By which I mean Daaaaaaag. This was freaking scary. I peed a little bit, and I am not ashamed. This book is pee-scary .
It all starts innocently enough...
Like a fairy tale. A girl goes to stay with her brother over Christmas break. Kids are home alone while their father goes hunting. "There was a girl. There was a man."
What's interesting about these stories is that, as terrifying as they end up, they're all slow burns. There's none of the pre-credit jump scares you get from Nightmare Haloween part XVI. There's a grandpa-telling-fairy-tales vibe about the stories in this anthology. I'd go so far as to call the above image cute, and even a little bit sweet. There's nothing about 'en that indicates greater-than-Disney levels of violence and terror. There's something very - God, what's the word I'm looking for - CANADIAN about them.
Did you pee too? That is the only logical response.
And then I am sleeping with the nite-lite on for a week. Through the Woods is, in some ways, a horror anthology in the classic EC style. (But with more emphasis on design and fewer walls of text.) There are five stories here, with an introduction and a conclusion. Carroll dedicates this book about possession, the living dead and creatures waiting in the dark to eat you to her parents, which is oddly sweet.
Now, granted, I'm a little behind on this one - Kelly and Sue reviewed it a year ago . (It is hard to keep current when you write one post every three years. Pity the lazy man!)
But what the hell.
It's almost Halloween!
So what I wanted to do is try to pull these tales apart a little bit and see how they work. If you can analyze what scares you it loses it's power and you save money not buying clean sheets every day.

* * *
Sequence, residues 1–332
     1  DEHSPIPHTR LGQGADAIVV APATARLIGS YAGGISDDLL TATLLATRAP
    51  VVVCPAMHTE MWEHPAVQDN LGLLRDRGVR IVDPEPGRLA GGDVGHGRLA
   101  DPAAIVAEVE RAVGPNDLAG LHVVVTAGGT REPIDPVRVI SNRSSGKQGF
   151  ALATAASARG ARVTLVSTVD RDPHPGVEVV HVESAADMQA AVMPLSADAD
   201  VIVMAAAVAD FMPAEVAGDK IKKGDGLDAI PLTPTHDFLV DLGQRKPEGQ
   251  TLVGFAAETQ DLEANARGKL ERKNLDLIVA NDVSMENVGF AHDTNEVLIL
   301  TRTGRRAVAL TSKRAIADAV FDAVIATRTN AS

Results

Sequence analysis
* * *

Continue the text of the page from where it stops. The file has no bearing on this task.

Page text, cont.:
There are a couple things that Carroll is really good at, and the most important of those is controlling the tone. You know that something nasty is coming, but the relatively pleasant set-ups always, always, ALWAYS disarm you, even though the last four stories freaked-you-right-the-crap-out. "Look at that plump wife!" You say. "THIS one ain't gonna be so bad."
The bait and switch between the Canadianess of the beginning and end leechmonsteriness is akin to driving the knife in and then twisting it. These aren't gore drenched torture porn, but they are nasty little stories, and that is the highest compliment I can give a horror book.
Carroll's other strength is absolute control of the form. The lettering, the coloring, the design of the pages, the size of the panels... all of it means something, all of it is designed to enhance the finished product. Let's break down a sample page. Let's start with a big 'un, from "A Lady's Hands are Cold" the second story in the book.
Notice what she's doing with space here. The twisty turny design of the road conveys movement AND it gives a sense of a long distance being travelled. It also makes the mansion at the end of the road look BIG, and it does so without actually containing a big drawing of a mansion. (This is hard to do.) Also the coloring doubles down on the spooky mood and feeling of anticipation. The blue road makes the white horse and carriage POP! off page... and the solid. black. forest and splotches of blood red foliage give a little bit of foreshadowing as to what's about to go down.